We are revisiting the 2010 Draft before it passes into folklore, and also to fill in the days until TC arrives. Our review includes fan appeal and seat-selling ability, as well as whether the pick was any good or not. Next up are the selections made in the 11th through 15th slots.
The #11 pick was Chicago’s spot, but owned by Denver via the Cutler trade from the previous year. Denver was not expected to draft an OT, nor was Miami in the 12th slot, but the 49ers, picking at #13, had the guy they were targeting, OT Anthony Davis, slip through the possible fingers of both the Raiders and the Bills, and decided to take no chances that this largess would now be rudely snatched away by some other team trading up into the 11th or 12th spot and taking their guy. Ergo, Trent Baalke jumped up and swapped picks with Denver, throwing in a 4th round pick for the two spot jump.
This was a no doubt good deal for Denver, which could still get the guy they wanted (if they wanted anybody), plus an additional 4th rounder. Whether this was a necessary move by the 49ers will never be known, as no other teams went “Aw shucks” after they made it. 4th round picks are a bit of a crap shoot. You can get a guy there, like Dashon Goldson, who can mature into a good player in two or three years, or you can get a guy who never gets off the special teams squad and is gone in 4 years or less. The 49ers have dealt away 4th round picks in two consecutive drafts, so it’s possible they do not think highly of this round. If they had picked there, according to Matt Barrows, it’s possible they would have chosen cornerback Trevard Lindley, who instead went to the Eagles. Just for fun, we’ll keep an eye on this guy’s career. Unless we forget to.
At any rate, this pick was a good one for the 49ers. RT was a known problem all last year and the four attempts to deal with it all failed. The first attempt was drafting Michael Oher, but Crabtree fell to them and they went for him instead. Then Adam Snyder, Marvel Smith, and Tony Pashos all took a crack at the job and failed — Smith and Pashos derailed by injuries, and Snyder by lack of talent.
For the fan factor, this pick was a raving success, silencing a year and a half of blogosphere screamers and hand-wringers. Even the chronic complainers didn’t grumble about the lost 4th rounder and proclaim it a vital necessity for the success of the franchise, like they had the previous year. 4th rounders become major contributors in their first year about as often as the Cubs win the World Series. There is no question Davis will become the starter this year. The only question is when.
Miami promptly traded the #12 pick to San Diego, and the Bolts eagerly grabbed RB Ryan Matthews. This was another good pick. San Diego had watched its vaunted running game fizzle out in 2009 as LaDanian Tomlinson ran out of gas and super sub Darren Sproles was not up to the every down task. Matthews is a work horse back and will please the fans and make an impact on the team in his first year.
At the #13 spot traded by the Niners to Denver, the Broncos spun down out of their pick again (guess they didn’t want anybody here, either), trading it to the Eagles, who selected DE Brandon Graham. This was a bad pick and indicative that the Eagles, in trading up to make it, don’t think of themselves as contenders this year and are restocking for the future, which is the only place this guy is going to see much action. The Eagles have two DEs now who produced 8 and 12.5 sacks last year. Not too shabby. Graham will not replace either one of these guys.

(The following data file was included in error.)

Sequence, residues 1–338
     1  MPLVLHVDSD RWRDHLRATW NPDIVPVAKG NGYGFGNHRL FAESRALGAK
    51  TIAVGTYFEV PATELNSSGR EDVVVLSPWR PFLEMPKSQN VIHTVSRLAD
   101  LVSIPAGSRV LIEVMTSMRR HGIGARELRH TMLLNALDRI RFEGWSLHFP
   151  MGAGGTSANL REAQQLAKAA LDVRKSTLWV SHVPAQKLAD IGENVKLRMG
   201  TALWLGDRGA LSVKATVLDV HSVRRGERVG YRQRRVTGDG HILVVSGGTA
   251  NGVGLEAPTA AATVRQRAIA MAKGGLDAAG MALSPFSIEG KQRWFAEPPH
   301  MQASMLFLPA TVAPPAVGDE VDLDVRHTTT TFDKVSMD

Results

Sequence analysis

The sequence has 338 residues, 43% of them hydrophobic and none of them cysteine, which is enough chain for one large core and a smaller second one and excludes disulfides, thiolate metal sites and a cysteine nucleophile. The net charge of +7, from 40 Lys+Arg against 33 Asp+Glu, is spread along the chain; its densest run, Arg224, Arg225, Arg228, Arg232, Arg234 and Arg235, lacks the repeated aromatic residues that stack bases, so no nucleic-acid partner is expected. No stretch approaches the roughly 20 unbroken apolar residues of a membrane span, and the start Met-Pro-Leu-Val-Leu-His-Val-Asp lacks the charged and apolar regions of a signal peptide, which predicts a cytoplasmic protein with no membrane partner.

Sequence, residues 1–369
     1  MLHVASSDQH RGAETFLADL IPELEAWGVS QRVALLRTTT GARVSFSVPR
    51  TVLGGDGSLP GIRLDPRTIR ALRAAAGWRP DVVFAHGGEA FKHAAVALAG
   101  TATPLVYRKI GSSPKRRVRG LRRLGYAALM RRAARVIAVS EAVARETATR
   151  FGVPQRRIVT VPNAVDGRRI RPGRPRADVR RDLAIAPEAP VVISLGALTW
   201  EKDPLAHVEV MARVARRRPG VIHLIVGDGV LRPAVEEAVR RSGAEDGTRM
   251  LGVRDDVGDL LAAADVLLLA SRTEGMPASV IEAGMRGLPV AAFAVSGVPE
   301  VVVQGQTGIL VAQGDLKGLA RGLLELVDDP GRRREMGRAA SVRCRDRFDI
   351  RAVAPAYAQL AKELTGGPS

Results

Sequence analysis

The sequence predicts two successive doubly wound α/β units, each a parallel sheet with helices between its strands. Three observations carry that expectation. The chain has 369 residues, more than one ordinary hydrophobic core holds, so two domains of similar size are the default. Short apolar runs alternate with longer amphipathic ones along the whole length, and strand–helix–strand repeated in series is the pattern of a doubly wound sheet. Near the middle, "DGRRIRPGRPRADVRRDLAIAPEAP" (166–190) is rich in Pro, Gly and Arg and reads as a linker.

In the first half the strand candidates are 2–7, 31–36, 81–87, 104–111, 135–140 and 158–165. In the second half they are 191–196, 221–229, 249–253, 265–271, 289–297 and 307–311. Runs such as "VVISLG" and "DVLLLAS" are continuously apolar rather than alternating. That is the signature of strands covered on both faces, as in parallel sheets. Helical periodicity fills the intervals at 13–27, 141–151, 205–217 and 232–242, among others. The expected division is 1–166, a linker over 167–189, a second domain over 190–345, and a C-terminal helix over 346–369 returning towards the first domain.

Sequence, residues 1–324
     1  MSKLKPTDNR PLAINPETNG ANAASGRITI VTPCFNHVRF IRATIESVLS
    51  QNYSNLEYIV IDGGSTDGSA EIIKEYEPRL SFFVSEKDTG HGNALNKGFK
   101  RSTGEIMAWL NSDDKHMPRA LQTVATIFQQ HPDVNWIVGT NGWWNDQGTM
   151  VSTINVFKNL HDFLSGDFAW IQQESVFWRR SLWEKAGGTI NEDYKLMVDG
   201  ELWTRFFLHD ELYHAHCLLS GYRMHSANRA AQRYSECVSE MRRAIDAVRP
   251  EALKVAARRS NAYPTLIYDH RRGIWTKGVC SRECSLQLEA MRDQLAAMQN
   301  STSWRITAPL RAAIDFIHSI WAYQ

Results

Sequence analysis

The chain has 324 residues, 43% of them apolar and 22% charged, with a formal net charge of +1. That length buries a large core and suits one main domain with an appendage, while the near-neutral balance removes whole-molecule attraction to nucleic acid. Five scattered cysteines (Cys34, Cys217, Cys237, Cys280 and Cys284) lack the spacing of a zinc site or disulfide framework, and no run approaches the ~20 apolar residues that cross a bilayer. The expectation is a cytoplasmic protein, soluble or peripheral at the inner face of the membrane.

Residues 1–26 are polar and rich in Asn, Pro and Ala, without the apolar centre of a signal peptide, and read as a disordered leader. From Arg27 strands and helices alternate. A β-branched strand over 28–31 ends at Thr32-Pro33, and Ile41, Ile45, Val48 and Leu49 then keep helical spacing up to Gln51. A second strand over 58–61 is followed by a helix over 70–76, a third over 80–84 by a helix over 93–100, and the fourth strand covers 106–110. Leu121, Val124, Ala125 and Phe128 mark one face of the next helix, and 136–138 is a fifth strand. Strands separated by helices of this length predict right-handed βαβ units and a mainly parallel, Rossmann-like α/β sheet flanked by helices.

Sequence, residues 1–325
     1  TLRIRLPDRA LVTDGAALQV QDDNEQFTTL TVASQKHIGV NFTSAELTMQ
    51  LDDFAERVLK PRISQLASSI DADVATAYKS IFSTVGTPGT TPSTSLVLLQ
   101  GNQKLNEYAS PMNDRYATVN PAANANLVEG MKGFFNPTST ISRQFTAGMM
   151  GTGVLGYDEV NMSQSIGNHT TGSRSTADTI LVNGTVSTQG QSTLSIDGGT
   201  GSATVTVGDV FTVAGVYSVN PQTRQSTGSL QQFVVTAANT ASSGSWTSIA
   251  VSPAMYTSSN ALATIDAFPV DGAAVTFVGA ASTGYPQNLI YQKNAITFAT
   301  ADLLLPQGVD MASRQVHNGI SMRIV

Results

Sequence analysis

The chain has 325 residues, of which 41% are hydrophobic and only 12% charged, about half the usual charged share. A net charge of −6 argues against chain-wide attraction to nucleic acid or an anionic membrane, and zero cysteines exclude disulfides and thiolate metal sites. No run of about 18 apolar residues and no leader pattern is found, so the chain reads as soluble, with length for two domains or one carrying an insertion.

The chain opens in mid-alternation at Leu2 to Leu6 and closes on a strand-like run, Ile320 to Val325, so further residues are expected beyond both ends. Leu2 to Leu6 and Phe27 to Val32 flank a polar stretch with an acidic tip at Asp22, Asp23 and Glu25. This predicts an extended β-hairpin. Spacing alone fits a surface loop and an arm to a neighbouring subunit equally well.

Their 2009 secondary, however, was as porous as the US/Mexico border and their running game as useless as lipstick on a porcupine. If they were going to trade up, why not get someone like safety Earl Thomas to replace the departed pro bowl safety Brian Dawkins? They could have stayed put and gotten either Kareem Jackson or Kyle Wilson, two pretty good CBs. Not sure how the fans in Philly reacted to this pick, but they are known to have a quick and nasty fuse, so there may have been some cow noise in Philly over this one.
The Seahawks must have breathed a sigh of relief when Philly did not take Earl Thomas. And when Seattle subsequently did take him, Taylor Mays did the opposite of sighing with relief, feeling his old coach had sold him down the river. At this point in time, Seattle needs any players who are good, and a highly touted one such as Thomas is a double win. The fans are happy and, due to the sorry state of the team, Thomas will start this year and contribute. Perhaps enough for the Hawks to stay out of last place in the NFC West. And perhaps not. It will be interesting to compare Eric Berry and Thomas this coming year. Berry was a bad pick at number #5, but this type of superior talent safety is a good pick at #14.
The Giants picked #15 and did what they always seem to do, picked a Dlineman, Jason Pierre-Paul. I’m sure Eli Manning would have preferred selecting WR Dez Bryant here, and that would have been a much better pick. But the fall out from the Plaxico Burress crazy WR syndrome kept the Giants, and a lot of other teams, from selecting Bryant, who out-diva-repped previous year’s champion, Michael Crabtree. And both those fellows lost a ton of money. Get a clue, diva prone guys. Strut after the draft, not before. However, clues are often overlooked in the world of young boys running wild with their own magnificence.
Pierre-Paul was not a consensus big time player. Some had his ceiling high, some had his bust factor high. He’ll play in New York, so whichever fate befalls him will not go unnoticed. Neither will the fact that the guy has three first names and no last one. This factoid is already being savored by the headline writers department at the New York Post. Advice to Jason: go talk to Ochocinco about a name change. Or just toss in a “Jones” at the end of your list.